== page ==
A Legal Guide to Urban and Sustainable Development

for Planners, Developers and Architects

 

by Daniel K. Slone and Doris S. Goldstein (Wiley, 2008)

Review

 

“This is the first book on legal aspects of New Urbanism and sustainable development, and it’s hard to imagine that anyone will soon surpass it. The book contains much that new urbanist planners, developers and architects need to know, all of it presented clearly in everyday English.…

 

Immensely practical, this guidebook is loaded with techniques that can enable New Urbanism to jump hurdles erected by the legal system, the political apparatus, and the day-to-day difficulties of community life. Each chapter stands on its own, and there are case studies and dozens of sidebars, so you can read the book from start to finish or you can jump in and out. This book is so informative that new urbanists will soon be asking themselves how they ever got along without it.”

 

--Philip Langdon (New Urban News, September 2008)

Table of Contents:

 

1. To Suburbia and Back: How Urbanist Law Is Different

 

2. Sustainable Urbanism

            (Case Study: Noisette)  

 

3. Tweaking the System: Getting Projects Built and Codes Changed within the Existing Zoning Framework

 

4. Changing the Rules: New Approaches to Zoning

 

5. Fiefdoms and Fire Trucks: Overcoming Impediments in the Subdivision, Plat-Review, and Site-Plan Processes

 

6. Retooling the Common-Interest Community

             (Case Study: Seaside)

 

7. Special Building Types

 

8. Litigation

               (Case Study: I’On)         

 

9. Federal Policy, Initiatives, and Alliances

 

10. Strategies for Change

Why we wrote the book. The book is a collaborative effort with Dan Slone, an attorney who represents developers, green businesses and municipalities around the world and who serves as national counsel for both the U.S. Green Building Council and the Congress for the New Urbanism. In a dialog that continues throughout the book, we share what we have each learned in our separate practices--and offer different perspectives--about overcoming the legal and political obstacles to building New Urban communities.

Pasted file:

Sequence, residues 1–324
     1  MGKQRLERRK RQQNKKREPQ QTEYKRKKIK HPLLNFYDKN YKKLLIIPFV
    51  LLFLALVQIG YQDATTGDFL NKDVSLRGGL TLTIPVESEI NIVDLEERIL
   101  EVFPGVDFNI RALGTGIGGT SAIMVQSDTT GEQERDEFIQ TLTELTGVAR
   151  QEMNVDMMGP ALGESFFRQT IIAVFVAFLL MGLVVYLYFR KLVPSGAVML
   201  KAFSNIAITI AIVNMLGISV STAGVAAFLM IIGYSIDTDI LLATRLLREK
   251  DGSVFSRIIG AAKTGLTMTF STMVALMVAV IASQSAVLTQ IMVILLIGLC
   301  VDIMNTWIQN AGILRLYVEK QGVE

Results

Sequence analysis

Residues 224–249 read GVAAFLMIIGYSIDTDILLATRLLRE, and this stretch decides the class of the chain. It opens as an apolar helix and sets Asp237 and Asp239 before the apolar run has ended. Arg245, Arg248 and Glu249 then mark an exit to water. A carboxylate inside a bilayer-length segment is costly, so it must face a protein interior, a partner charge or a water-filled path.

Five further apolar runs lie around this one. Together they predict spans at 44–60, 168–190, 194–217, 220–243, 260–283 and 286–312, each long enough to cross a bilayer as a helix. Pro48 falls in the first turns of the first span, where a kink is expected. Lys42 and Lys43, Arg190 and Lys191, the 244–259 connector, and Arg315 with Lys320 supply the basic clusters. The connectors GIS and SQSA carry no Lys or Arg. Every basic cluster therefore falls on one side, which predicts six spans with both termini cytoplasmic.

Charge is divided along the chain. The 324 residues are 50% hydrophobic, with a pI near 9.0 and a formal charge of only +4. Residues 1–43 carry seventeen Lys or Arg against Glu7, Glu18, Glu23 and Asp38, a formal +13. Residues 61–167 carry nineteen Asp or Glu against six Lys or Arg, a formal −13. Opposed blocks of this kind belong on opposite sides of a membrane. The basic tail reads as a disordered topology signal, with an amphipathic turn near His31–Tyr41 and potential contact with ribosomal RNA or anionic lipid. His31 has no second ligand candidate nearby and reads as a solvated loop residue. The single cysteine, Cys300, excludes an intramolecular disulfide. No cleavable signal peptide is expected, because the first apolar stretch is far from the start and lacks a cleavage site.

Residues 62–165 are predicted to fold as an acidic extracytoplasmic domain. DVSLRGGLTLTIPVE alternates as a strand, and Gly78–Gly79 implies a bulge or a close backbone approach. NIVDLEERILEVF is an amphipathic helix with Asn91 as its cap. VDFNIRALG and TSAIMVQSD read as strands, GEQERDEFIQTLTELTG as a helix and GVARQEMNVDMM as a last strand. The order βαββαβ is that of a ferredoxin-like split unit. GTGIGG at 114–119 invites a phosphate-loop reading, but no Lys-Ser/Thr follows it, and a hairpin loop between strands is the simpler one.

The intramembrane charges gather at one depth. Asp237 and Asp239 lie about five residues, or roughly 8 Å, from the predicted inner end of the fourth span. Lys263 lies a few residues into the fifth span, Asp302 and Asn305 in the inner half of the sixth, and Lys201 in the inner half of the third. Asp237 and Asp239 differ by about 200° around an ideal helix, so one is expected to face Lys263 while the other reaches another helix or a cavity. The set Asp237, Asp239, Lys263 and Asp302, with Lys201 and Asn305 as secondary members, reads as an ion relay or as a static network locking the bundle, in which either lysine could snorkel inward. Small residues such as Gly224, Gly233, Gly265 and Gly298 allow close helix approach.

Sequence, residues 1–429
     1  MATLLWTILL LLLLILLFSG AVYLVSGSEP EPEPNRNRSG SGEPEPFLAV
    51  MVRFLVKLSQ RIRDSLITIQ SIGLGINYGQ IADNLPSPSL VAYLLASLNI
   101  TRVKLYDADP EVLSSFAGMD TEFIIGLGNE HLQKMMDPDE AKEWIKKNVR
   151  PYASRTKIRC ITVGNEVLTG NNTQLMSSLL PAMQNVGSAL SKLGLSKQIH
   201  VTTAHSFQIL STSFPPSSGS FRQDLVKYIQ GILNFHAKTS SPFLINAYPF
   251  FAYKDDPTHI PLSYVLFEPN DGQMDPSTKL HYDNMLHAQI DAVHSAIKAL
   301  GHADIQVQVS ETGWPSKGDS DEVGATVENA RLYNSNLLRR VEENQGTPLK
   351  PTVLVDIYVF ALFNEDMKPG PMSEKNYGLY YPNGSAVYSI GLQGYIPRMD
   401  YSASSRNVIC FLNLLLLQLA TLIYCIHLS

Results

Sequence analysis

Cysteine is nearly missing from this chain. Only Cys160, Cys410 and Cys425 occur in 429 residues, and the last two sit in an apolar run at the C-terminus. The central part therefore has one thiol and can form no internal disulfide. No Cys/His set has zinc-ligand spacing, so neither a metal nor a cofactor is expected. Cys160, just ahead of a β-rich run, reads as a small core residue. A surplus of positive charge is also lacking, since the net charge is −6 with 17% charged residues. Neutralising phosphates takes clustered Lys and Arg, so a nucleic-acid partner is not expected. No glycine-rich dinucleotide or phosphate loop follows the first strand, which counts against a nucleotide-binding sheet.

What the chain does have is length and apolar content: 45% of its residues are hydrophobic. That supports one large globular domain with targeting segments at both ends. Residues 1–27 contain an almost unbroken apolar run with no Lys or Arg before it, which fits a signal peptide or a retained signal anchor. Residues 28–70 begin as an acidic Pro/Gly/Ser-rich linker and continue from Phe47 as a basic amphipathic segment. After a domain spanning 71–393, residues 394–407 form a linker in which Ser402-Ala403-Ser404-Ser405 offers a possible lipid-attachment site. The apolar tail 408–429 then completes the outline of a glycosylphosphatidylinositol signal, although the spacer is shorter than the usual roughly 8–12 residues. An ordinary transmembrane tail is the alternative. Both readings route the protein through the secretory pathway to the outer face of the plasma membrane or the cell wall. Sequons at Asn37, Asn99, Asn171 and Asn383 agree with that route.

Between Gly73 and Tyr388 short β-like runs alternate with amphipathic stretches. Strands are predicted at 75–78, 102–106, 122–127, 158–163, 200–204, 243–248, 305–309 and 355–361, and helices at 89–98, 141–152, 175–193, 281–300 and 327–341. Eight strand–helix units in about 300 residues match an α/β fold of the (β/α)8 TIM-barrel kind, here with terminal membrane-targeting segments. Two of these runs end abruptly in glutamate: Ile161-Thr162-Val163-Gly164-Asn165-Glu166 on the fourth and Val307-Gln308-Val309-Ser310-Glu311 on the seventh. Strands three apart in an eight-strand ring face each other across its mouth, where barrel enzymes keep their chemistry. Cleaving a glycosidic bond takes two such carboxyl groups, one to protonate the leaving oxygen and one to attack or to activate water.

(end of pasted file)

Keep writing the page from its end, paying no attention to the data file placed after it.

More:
While the design issues have been covered in some other excellent books, this book is the first to discuss the various legal issues—which we have defined broadly—that are triggered by sustainable urban design. Much of this material appears in print for the first time.

 

Practical and experience-based, with more than 150 photographs and graphic illustrations, the book focuses on recognizing and overcoming the legal and political impediments to building urban, sustainable places. Written for non-lawyers, it includes, in addition to the main text, many sidebar discussions and real-world examples.

 

Andy Gowder contributed the chapter on litigation, and Andrés Duany graciously contributed the foreword. The book benefits particularly from a well-rounded discussion of zoning from the differing viewpoints of our remaining contributors: Chris Brewster, Chad Emerson, Matt Lawlor, Brian Ohm, Robert Sitkowski, Bill Spikowski and Mark White.

Please note: Doris Goldstein is licensed as an attorney only in Florida.